The Rise & Fall of Saturday Morning Cartoons: How Technology Influences Imagination.

“Imagination is more important than knowledge. For knowledge is limited to all we now know and understand, while imagination embraces the entire world, and all there ever will be to know and understand.”
― Albert Einstein

It can’t be argued that Netflix has afforded us much greater access to TV & film content in the form of instant gratification, much to the chagrin of traditional cable providers, especially here in Canada. There is recent news that they are on the warpath to prosecute purveyors of so-called android boxes, in the hopes of recovering some of the losses they’ve suffered from the rise of cord-cutter culture.  The simple reason for their revenue loss is a much lowered cost coupled with convenience from competitors. With Netflix, android boxes, or any number of web stream providers, there’s a seemingly unending plethora of commercial free content that you can select to watch, when you want to watch.

For many younger people, and in fact for an entire generation, this relatively new concept will be all they know. The notion of commercials will be limited to the billboards they see while driving their cars. Actually, a more hopeful idea is that the cars will be driving themselves, but you get the idea. While I’ve never been a fan of advertising, I think we may have lost something significant along the way.

The mystery of anticipation and reward is now a thing of the past, at least in terms of viewing habits. When  there is a structured, finite time slot for something to plan towards, you have something to look forward to.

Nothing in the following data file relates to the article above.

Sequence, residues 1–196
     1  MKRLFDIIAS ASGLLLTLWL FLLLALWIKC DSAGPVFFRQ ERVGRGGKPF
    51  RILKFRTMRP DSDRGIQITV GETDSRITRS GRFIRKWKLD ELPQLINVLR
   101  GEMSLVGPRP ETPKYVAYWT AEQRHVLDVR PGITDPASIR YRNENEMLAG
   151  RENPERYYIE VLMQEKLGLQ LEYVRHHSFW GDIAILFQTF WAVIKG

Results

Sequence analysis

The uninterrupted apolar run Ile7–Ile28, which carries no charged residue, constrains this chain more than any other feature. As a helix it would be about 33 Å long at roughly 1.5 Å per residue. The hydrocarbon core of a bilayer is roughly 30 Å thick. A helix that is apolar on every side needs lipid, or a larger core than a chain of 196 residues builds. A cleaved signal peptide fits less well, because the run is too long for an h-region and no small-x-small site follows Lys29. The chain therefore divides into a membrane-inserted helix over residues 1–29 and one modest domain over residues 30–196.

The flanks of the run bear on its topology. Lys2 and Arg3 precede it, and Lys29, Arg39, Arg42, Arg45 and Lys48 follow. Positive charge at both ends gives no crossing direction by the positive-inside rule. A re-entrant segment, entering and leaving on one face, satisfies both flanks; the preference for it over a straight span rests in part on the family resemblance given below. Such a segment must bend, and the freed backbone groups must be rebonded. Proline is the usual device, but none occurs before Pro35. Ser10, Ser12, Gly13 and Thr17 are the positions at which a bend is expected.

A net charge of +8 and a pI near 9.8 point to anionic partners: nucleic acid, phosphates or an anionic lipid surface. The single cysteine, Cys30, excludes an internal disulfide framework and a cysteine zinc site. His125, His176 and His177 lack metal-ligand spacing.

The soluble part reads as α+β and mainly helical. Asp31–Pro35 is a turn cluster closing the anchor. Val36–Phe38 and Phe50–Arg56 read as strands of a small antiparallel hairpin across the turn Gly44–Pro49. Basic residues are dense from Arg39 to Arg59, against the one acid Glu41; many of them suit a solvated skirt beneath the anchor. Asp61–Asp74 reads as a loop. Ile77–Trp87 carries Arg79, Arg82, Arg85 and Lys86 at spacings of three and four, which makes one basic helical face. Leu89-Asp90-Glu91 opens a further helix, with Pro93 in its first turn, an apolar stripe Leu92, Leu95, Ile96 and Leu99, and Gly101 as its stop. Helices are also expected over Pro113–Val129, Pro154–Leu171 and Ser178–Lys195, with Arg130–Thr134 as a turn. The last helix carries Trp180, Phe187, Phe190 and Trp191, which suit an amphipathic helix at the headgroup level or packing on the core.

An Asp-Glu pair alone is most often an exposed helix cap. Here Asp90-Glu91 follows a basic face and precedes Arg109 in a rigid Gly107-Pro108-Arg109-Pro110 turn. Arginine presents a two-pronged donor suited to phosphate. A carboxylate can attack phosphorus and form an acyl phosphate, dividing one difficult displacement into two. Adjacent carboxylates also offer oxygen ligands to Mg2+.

When you have something to dream about, the imagination kicks into overdrive. If you were a child in the 80s, or 90s, the magic set in for only a few precious hours that Saturday morning, and then it was gone. It was up to you to integrate and transform what you had just seen and apply it to real life playtime scenarios.  Once the last show was over and the tv set turned off, you got outside and played with your friends, mimicking, remixing and re-inventing those animated tales into tangible storylines or unstructured roleplaying that blended reality with imagination, until next Saturday when the cycle repeats itself.  Boredom is what initially led to creativity. Now boredom’s cure is the next episode. You don’t even need to click on anything.  It plays itself, makes the decision for you.

This doesn’t just have far reaching implications to our physical nature; with sedentary lifestyles follow a distinct rise in obesity.  They also have a huge impact on the mind.  Without the crucial process of switching off, we can’t absorb, reflect, learn or grow. This doesn’t just apply to kids. It applies to all of us.

Don’t get me wrong, Netflix is great; but as with all new technologies, something gained is often also something lost.

Columbus, Ohio animator and artist Jason Moody of Arch City Studio has created a new episode of their ongoing Nostalgia Snax series where he explores what made Saturday morning cartoons so special back in the 1980s and 1990s.*

* via Laughing Squid.

Featured graphic courtesy Nostalgia Snax.

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